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13 Oct, 2010 16:30

Russian movie in line for London Film Festival’s main prize

Russian movie in line for London Film Festival’s main prize

The next London Film Festival opens Wednesday in the British capital. Four Russian films will be screened, with Aleksey Popogrebsky’s “How I Ended This Summer” among the favorites for the main award.

At this year’s London Film Festival, which will last through October 28, a total of 197 full-length and 112 short films will be screened. Among them 11 will be screened for the very first time, whereas 23 more are going international and 33 more are European premieres.

Four Russian movies made it onto this year’s LFF program. Among them is this year’s Venice Film Festival winner, “Silent Souls” by Aleksey Fedorchenko, about a disappearing northern people, the Merya.

The winner of the award for best film at this year's festival of Russian film at Sochi, Svetlana Proskurina’s "Truce," a film about a wandering driver who travels Russia’s remote regions, will also be shown at LFF. Also among Russian tapes at the festival is the first Russian Disney movie, "The Book of Masters" by director Vadim Sokolovsky.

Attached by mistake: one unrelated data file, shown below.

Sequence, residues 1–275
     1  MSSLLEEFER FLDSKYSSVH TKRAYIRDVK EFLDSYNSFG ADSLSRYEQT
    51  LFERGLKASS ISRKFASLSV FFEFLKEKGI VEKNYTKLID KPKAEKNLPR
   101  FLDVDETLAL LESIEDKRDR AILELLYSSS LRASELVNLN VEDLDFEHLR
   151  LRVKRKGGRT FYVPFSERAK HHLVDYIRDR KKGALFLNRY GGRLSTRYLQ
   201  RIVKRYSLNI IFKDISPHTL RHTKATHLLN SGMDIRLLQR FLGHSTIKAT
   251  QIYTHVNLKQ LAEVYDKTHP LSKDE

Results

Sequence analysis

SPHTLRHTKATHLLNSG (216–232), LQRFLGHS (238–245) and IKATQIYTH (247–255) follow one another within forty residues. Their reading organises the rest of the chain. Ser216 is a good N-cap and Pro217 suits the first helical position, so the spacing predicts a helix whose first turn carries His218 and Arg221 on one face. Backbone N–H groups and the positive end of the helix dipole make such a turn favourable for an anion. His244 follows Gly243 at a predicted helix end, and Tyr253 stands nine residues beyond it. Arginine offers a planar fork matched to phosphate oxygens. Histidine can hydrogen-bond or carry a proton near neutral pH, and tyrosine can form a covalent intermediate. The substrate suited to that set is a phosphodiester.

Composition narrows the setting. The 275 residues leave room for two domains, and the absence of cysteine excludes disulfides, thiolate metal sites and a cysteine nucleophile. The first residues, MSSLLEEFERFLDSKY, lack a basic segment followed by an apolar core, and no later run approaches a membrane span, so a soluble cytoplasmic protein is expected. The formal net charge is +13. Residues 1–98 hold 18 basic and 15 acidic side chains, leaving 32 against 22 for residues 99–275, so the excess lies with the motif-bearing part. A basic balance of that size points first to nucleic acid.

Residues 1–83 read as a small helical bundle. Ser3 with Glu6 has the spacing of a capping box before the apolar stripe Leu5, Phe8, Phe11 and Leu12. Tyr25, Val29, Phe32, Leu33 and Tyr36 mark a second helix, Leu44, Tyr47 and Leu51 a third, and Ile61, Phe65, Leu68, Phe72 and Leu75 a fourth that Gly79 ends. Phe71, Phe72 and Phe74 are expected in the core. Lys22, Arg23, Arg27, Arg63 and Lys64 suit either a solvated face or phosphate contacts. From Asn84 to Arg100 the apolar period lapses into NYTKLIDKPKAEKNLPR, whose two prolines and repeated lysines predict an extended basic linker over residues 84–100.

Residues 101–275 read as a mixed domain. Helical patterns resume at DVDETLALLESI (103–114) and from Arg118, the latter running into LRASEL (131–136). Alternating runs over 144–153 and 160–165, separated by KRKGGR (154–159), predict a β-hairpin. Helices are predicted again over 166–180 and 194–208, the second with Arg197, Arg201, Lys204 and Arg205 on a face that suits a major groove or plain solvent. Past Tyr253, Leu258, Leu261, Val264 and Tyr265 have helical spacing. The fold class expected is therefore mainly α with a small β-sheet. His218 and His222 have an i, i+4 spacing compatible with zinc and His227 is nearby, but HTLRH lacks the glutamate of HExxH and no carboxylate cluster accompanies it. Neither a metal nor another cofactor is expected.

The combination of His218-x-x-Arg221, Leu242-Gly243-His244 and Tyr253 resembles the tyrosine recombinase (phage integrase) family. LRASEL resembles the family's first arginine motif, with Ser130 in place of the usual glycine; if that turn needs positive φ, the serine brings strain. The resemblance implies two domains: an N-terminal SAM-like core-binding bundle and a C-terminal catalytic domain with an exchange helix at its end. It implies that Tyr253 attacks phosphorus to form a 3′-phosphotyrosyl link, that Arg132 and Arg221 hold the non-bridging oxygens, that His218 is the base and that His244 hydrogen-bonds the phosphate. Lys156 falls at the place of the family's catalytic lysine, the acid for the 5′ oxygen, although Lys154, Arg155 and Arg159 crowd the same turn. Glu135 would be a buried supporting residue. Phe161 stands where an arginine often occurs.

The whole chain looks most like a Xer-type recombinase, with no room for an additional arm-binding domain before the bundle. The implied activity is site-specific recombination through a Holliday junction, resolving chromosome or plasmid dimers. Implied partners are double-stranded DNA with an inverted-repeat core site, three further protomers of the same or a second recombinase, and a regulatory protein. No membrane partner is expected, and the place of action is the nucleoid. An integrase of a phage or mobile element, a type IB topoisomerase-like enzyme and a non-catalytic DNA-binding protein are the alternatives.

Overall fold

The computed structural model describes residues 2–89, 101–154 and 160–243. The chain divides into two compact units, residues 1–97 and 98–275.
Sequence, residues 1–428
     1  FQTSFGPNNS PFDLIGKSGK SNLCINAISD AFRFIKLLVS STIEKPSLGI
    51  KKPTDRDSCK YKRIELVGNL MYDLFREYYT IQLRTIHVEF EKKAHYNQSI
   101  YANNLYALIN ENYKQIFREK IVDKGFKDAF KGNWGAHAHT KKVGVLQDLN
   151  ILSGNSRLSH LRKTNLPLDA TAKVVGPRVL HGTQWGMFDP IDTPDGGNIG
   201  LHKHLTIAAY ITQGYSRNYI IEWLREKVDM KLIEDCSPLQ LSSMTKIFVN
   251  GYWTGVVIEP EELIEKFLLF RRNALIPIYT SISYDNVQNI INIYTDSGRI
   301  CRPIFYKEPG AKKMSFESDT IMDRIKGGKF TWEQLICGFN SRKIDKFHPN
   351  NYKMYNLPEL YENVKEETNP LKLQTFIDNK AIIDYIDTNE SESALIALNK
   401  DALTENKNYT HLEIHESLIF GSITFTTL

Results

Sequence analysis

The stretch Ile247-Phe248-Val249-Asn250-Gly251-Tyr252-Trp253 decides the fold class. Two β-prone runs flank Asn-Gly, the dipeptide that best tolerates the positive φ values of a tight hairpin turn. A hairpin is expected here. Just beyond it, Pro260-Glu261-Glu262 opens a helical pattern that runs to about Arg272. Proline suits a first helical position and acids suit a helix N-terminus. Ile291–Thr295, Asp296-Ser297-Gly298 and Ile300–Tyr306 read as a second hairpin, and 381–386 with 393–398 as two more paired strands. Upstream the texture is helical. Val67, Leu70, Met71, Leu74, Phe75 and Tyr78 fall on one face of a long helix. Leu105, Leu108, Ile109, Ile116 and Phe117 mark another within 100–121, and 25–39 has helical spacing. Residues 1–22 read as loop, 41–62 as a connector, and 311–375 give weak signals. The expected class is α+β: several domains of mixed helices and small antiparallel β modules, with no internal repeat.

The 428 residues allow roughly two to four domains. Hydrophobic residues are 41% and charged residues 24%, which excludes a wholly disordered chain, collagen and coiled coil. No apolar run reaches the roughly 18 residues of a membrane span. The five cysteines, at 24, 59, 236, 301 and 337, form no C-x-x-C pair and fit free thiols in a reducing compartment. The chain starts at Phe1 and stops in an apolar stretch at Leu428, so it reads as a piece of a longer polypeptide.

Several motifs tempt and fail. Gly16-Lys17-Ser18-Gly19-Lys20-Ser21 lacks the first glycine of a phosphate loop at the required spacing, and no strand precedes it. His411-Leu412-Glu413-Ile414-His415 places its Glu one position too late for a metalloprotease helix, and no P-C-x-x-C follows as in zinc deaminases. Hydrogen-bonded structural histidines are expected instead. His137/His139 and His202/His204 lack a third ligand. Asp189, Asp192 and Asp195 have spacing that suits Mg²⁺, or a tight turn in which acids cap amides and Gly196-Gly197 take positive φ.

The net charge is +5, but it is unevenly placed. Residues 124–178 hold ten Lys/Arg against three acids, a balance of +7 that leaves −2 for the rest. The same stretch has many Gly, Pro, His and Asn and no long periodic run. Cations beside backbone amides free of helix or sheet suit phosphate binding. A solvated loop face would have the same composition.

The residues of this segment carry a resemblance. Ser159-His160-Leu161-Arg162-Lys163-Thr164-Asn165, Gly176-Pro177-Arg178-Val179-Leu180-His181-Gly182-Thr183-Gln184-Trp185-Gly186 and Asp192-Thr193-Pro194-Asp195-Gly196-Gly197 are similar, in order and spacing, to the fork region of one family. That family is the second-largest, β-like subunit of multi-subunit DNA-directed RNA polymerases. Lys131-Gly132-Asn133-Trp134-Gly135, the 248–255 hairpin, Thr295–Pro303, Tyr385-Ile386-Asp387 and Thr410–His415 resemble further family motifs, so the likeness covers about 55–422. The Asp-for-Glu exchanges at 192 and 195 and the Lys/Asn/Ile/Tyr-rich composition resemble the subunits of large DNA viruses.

Popogrebsky's film “How I Ended This Summer”, a psychological drama-thriller about two explorers who are keeping watch at a polar station on a remote island in the Arctic Ocean, received three Silver Bears at the 60th Berlinale film festival in 2010. Here in London it is considered to be one of the favorites for the “Best Film” award. For this prestigious title the Russian movie will face competition from 10 other films from around the world. Among them will be "Never Let Me Go" by Mark Romanek, Danny Boyle’s "127 hours," “The King's Speech" from Tom Hooper and Darren Aronofsky’s "Black Swan."

The awards ceremony will take place on October 27. Apart from the “Best Film” category – an award only two years old – prizes will be awarded in other categories. The Sutherland Award will go to the best debut of the festival, and the Grierson Award to the best documentary. Also, the best new British cinematographers – no matter actors, directors or script writers – will be named at LFF.